A regulatory dispute in Georgia has taken an unexpected turn, with two state officials proposing giving a $10,000 fine from a telephone company to a religious anti-choice group rather than the state’s treasury.
As reported by the Indiana Daily Journal, Peerless Network of Georgia LLC was fined $10,000 by state communications regulators for failing to file certain required reports. But rather than pay that fine to the Georgia state treasury like other civil penalties, Public Service Commissioner H. Doug Everett instead proposed the company pay the penalty as a contribution to the Atlanta branch of Care Net, a Christian-based crisis pregnancy center. Everett’s wife currently works at the branch as an unpaid volunteer.
Everett’s proposal was supported by another commissioner, Tim Echols. Echols is reportedly a volunteer on Care Net’s local advisory board and, in 2006, was paid almost $10,000 in consulting payments by Care Net’s national parent organization. According to Echols, he was hired by Care Net to recruit board members and raise funds for the charity. Tom Mason, the chairman of the Atlanta branch of Care Net, donated $600 to Echols’ election campaign in 2010, campaign finance records show.
Emails released under Georgia’s open records law indicate that the state’s attorney general’s office has warned the regulators they cannot approve the deal because it violates state law. Under Georgia law, the Public Service Commission can allow violators to make alternative settlements such as consumer refunds or rebates in lieu of fines, but there must be some legitimate tie to the alternative penalty and the underlying violation. In an August 29 email, Senior Assistant Attorney General Daniel Walsh wrote, “Here I don’t see a plausible connection between a utility regulator and a pregnancy center.”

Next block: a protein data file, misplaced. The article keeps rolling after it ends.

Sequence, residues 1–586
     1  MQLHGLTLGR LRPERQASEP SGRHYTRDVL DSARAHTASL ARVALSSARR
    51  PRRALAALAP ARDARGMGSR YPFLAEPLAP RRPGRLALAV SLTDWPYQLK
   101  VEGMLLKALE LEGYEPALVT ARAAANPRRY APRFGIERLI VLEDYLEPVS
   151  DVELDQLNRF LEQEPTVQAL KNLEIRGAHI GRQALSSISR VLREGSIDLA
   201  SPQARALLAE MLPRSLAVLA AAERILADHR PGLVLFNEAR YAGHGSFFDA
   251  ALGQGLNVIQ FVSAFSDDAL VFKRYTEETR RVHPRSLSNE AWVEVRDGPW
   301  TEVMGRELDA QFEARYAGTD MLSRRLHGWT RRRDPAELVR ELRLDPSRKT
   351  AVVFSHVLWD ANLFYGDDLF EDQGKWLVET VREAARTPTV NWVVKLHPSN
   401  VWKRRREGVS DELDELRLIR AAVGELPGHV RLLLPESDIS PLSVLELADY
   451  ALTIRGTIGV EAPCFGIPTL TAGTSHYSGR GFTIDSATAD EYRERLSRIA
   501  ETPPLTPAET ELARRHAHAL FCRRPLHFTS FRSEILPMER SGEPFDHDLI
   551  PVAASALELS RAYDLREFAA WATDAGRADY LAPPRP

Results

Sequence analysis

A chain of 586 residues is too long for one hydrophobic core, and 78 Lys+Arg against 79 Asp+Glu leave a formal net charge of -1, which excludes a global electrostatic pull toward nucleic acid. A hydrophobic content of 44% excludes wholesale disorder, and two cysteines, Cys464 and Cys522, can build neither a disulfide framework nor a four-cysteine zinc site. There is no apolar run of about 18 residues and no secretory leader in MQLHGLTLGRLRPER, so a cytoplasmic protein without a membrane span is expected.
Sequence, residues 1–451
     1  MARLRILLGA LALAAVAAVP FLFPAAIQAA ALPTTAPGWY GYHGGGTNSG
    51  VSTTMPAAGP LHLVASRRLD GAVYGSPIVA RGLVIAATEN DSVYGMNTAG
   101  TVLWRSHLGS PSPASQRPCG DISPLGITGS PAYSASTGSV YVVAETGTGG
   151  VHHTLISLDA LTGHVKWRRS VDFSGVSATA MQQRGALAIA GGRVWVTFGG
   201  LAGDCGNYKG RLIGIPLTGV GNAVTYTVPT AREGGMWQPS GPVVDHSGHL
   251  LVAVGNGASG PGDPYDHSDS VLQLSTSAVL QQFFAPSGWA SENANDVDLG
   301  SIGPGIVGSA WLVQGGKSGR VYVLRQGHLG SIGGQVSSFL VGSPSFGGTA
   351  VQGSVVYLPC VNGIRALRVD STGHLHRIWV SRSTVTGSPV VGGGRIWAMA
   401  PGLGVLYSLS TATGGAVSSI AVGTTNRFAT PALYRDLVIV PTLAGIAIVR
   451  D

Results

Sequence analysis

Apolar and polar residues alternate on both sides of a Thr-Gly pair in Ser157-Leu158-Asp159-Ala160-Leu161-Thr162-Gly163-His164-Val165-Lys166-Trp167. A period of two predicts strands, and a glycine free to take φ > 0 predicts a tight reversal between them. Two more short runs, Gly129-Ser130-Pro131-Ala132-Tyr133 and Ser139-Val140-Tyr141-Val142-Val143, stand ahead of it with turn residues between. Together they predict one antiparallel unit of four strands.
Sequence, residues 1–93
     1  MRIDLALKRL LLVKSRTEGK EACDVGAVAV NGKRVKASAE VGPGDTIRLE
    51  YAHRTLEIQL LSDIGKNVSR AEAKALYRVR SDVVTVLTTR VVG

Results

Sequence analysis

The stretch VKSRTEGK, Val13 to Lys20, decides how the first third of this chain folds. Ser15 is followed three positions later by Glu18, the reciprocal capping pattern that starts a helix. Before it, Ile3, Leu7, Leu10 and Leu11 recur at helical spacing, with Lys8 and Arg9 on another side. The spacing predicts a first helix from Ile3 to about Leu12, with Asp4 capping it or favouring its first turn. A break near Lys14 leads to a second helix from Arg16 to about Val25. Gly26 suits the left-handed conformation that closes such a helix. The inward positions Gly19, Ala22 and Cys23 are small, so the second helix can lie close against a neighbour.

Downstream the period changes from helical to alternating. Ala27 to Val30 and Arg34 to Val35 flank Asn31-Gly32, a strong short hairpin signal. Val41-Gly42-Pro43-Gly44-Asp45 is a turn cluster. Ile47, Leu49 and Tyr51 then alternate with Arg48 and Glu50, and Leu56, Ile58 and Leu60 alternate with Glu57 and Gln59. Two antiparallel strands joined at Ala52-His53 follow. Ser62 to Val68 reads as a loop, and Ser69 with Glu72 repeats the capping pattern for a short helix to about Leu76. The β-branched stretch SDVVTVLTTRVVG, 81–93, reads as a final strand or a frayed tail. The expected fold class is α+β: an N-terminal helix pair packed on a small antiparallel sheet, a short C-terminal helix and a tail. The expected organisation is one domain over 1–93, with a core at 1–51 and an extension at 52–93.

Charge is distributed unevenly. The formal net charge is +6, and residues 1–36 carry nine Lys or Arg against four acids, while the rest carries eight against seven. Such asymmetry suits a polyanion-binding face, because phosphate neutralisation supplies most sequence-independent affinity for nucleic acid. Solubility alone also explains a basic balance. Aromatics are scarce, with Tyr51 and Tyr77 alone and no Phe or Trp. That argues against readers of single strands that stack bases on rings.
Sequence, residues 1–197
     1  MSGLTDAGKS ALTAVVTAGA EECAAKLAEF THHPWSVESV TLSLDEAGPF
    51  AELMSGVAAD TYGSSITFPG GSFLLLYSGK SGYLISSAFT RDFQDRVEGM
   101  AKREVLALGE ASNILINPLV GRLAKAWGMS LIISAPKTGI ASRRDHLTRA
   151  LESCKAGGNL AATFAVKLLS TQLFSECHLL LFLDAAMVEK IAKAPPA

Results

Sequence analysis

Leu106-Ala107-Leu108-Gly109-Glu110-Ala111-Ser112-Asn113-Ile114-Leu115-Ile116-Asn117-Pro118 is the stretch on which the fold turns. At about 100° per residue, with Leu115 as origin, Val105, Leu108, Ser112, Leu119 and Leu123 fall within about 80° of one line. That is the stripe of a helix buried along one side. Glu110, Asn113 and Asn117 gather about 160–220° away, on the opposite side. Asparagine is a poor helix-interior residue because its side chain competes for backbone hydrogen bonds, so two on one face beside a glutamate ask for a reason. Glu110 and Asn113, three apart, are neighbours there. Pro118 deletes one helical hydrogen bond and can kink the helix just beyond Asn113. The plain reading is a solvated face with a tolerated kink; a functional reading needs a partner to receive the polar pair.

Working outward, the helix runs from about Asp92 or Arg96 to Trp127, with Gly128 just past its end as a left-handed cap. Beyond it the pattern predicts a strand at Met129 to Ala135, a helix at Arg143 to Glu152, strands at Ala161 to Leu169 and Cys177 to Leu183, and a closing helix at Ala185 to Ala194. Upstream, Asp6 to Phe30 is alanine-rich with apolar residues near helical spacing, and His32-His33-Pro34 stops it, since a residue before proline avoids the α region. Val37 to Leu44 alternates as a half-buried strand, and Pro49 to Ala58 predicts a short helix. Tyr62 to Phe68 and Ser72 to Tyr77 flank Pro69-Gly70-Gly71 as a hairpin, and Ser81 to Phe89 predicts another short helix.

Despite the opinion from the state attorney general’s office that the settlement was illegal, utility regulators have tried to move forward with the plan to give the fine to Care Net. On Wednesday, Attorney General Sam Olens wrote to regulators to let them know the plan also violates the state’s constitutional protections insuring the separation of church and state.
A final decision as to where the proceeds of the fine will go has not yet been made. Since the dispute has come to light, Commissioner Echols said in a statement that he would stop voting on the issue in order to avoid “any appearance of conflict of interest.”